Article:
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Report: MA Kids From All Backgrounds Need Opportunities to Succeed

Researchers say all children need strong families and equal access to good education and health care. (hepinting/Flickr)
Researchers say all children need strong families and equal access to good education and health care. (hepinting/Flickr)
October 24, 2017

BOSTON – During a time of intense national conversations on race and immigration, a new report reveals the barriers to success children from different racial and ethnic backgrounds face in Massachusetts and other states. The Annie E. Casey Foundation's "2017 Race for Results" report measures key milestones in child development.

Massachusetts ranks in the top ten among states for well-being among white, African-American and Asian and Pacific Islander children, but is in the bottom half for outcomes for Latino kids.

Noah Berger, the president of the Massachusetts Budget and Policy Center says the state can't afford to have any group fall behind.

"The ability to have a really strong, vibrant economy will require that kids from all different backgrounds who grew up here have the opportunity to succeed to reach their full potential and to contribute to an economy that works for everybody and that ultimately makes life better for all of us," he explains.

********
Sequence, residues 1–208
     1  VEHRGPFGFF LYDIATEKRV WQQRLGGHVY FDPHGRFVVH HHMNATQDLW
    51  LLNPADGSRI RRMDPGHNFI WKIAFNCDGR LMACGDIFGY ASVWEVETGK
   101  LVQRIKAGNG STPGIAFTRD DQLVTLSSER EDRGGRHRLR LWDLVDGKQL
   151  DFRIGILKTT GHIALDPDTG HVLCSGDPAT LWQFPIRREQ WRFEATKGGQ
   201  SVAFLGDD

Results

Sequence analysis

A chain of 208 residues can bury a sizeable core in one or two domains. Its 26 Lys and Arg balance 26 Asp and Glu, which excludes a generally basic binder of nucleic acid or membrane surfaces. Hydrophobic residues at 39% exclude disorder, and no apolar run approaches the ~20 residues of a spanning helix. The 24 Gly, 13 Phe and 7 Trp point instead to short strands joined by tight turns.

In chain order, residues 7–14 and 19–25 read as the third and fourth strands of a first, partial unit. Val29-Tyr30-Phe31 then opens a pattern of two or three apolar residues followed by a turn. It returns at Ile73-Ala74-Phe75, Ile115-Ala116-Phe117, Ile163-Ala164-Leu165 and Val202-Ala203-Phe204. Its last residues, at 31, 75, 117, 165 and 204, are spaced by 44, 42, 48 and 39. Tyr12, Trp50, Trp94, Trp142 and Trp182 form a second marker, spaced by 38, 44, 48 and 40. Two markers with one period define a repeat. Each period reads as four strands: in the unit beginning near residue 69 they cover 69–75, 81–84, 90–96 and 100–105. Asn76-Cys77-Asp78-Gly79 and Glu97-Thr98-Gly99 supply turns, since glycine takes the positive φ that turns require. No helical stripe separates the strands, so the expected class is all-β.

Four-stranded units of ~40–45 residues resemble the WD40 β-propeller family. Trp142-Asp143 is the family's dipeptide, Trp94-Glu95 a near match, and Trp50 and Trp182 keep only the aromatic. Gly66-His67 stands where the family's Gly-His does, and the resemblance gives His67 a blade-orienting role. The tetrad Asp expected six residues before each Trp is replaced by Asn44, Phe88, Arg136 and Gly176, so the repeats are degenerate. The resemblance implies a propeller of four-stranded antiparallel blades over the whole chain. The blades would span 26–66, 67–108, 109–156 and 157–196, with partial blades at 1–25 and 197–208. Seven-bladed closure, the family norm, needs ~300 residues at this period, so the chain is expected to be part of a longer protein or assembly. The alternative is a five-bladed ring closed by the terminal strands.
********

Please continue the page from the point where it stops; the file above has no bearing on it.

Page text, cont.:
The report reiterated all children's need for strong families and equal access to good education and healthcare and urged policymakers to do more to help them.

According to the report, immigrant families not only earn less than U.S. born families, but one-in-four children in immigrant families live in poverty.

Laura Speer, the associate director of policy reform and advocacy at the Annie E. Casey Foundation says the disparities reflect a history of structural racism that began with European settlement and continues today with how some policymakers talk about immigration.

"There are more than 18 million children who are themselves immigrants or who have at least one parent who was born outside of the country," she says. "That's about one in four kids. Their success is really very closely connected to the future success of our country."

Speer says children do better when they are kept with their families in their communities. And the report recommends that when immigration policy is enforced, it's important that keeping families together is prioritized. About 28 percent of children in Massachusetts live in immigrant families.

Mary Kuhlman, Public News Service - MA